2013 Mercedes CLS Shooting Brake revealed [Video]
While we have known for some time that Mercedes-Benz was going to bring out the new 2013 CLS Shooting Brake, the German automaker has made it official and has released full details on the new wagon. The CLS Shooting Brake is based on the CLS coupe and is unlike any other car on the market. Mercedes says the new CLS Shooting Brake proportions are “clearly those of a coupe,” and while the wagon has the long hood, narrow frameless side windows and raked roof that slopes to the rear, it still has four doors and a tailgate.
Mercedes would have us believe the new CLS Shooting Brake is a “sports car with five seats and a tailgate.” And in Europe the new sports wagon will likely been seen that way. Wagons have been popular in Europe for decades and the 2013 CLS Shooting Brake should be a big hit overseas, but don’t look for the sport wagon to make it to the U.S. anytime soon. Currently, Mercedes-Benz has no plans to bring the CLS Shooting Brake to the U.S. And it’s probably a good idea as Americans have yet to widely embrace the wagon as a luxury sport vehicle. Americans are still attached to their large SUV’s.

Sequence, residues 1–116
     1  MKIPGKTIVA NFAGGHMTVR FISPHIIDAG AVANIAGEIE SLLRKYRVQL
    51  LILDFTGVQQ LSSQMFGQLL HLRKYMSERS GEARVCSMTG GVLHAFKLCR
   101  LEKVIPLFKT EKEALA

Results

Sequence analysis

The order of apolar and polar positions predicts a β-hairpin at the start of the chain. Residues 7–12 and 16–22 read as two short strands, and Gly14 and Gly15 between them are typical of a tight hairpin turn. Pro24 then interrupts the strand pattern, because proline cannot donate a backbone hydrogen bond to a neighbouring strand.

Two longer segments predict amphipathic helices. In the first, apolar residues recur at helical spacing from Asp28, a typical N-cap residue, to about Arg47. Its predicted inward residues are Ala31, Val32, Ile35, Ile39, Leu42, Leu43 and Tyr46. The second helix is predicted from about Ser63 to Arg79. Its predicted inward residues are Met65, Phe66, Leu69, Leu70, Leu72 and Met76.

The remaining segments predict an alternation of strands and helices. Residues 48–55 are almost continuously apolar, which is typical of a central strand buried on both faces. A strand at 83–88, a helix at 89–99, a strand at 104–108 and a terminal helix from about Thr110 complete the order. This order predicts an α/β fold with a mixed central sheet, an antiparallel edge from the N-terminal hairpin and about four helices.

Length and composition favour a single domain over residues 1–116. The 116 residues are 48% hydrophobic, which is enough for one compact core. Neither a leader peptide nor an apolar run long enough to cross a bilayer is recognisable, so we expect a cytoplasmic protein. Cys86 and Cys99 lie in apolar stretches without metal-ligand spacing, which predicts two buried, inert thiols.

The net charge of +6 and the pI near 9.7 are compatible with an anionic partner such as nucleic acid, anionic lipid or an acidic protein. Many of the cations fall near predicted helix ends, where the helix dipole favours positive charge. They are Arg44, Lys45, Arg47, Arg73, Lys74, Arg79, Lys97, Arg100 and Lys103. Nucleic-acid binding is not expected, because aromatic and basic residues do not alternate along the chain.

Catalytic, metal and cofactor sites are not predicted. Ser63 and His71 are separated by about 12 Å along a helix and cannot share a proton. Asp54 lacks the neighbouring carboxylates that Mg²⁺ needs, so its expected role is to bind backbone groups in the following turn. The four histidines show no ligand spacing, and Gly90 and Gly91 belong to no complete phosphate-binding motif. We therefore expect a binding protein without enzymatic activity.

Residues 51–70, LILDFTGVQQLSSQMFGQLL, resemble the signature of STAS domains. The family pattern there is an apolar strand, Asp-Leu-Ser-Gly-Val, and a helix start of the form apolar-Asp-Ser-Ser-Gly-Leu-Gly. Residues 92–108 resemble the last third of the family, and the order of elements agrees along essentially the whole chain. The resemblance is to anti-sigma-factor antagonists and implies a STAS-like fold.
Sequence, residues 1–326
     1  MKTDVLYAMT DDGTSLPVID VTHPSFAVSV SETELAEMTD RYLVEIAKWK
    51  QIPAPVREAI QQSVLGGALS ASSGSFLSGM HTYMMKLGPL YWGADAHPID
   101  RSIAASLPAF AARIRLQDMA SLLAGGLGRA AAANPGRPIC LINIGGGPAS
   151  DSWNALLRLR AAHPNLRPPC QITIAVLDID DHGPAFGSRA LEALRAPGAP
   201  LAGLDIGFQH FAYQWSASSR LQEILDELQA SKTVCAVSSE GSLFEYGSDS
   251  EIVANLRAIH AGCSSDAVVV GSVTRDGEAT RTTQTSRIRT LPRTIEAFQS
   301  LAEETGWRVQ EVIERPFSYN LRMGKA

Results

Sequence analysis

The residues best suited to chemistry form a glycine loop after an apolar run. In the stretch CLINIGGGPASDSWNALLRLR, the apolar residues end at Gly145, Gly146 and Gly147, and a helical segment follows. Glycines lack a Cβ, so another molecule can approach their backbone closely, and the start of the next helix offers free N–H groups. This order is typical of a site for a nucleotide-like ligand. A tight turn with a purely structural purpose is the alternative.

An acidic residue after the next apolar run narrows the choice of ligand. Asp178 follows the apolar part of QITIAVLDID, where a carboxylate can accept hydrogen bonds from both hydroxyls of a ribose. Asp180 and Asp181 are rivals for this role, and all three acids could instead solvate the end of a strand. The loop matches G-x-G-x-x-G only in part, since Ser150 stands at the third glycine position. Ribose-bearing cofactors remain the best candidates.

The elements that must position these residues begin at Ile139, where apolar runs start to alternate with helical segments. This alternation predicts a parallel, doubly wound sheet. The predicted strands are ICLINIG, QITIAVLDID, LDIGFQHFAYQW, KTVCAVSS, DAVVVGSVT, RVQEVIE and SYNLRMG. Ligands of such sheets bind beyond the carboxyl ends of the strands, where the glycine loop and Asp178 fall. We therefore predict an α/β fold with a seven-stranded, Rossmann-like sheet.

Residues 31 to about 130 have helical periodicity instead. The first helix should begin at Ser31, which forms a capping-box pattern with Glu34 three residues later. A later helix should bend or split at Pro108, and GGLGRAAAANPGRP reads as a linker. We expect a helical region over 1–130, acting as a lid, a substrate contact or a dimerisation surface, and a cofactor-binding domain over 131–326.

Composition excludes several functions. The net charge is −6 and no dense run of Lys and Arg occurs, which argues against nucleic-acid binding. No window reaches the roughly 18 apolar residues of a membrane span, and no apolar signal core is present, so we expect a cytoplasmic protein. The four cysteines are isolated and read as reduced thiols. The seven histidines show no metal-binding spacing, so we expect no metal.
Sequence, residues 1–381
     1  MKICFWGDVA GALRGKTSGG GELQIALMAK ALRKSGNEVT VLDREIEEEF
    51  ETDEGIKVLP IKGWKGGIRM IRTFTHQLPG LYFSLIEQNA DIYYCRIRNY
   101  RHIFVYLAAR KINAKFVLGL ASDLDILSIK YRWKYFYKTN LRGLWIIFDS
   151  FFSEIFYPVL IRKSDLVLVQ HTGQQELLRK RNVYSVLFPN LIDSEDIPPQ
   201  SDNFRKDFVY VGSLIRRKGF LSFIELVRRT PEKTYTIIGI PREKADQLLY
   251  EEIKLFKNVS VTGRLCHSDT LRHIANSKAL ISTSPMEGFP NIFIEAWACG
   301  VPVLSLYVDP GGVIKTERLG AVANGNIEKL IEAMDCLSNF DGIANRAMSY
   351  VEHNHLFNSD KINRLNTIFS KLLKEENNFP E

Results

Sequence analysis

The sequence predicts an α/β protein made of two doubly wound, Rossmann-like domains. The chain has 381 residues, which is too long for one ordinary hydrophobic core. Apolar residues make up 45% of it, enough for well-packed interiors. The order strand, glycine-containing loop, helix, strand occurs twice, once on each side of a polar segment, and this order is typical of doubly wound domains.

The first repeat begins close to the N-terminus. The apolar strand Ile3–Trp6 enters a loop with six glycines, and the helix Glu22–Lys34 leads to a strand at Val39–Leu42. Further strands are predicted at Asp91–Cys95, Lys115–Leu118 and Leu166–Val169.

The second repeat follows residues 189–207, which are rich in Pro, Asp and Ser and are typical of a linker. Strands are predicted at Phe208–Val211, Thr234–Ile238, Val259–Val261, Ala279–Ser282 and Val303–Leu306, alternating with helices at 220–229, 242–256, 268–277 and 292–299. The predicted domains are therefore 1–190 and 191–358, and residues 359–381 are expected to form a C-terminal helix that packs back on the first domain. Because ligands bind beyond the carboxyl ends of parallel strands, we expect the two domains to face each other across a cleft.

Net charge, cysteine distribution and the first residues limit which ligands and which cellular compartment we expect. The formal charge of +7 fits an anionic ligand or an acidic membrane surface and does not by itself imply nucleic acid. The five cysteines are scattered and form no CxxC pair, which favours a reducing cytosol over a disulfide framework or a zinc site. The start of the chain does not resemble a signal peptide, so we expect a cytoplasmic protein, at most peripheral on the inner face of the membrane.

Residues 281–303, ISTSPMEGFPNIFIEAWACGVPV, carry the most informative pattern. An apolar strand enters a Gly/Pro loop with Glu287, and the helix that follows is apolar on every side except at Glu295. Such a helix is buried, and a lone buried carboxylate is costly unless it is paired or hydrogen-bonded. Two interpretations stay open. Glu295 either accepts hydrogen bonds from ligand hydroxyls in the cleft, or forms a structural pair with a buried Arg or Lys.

The new CLS from Mercedes is a lot like the Cadillac CTS Wagon and similar in execution. The coupe-like wagon is actually a great idea when you look at the functionality of the vehicle. The four-door Shooting Brake has a large load-carrying cargo area (54.7 cubic feet) and features a standard automatic opening tailgate for convenience. The rear seats also fold flat for extra cargo carrying ability. The quality of the interior is unsurpassed and the rear even comes with a Cherry tree wood luggage compartment floor. It is contrasted by the use of inlaid smoked oak and aluminum rails. The CLS Shooting Brake offers luxury with practicality.
Origins of the name “Shooting Brake”
You might wonder where the new wagon gets its name. “Break, or the homonym Brake, was the name once given to carriages used to "break" in wild horses and also to restrict (or "brake") their urge to move, so that they could be put to use as work horses. Since the carts could easily be broken as part of this process, people tended not to use ones which they may have urgently needed for other purposes."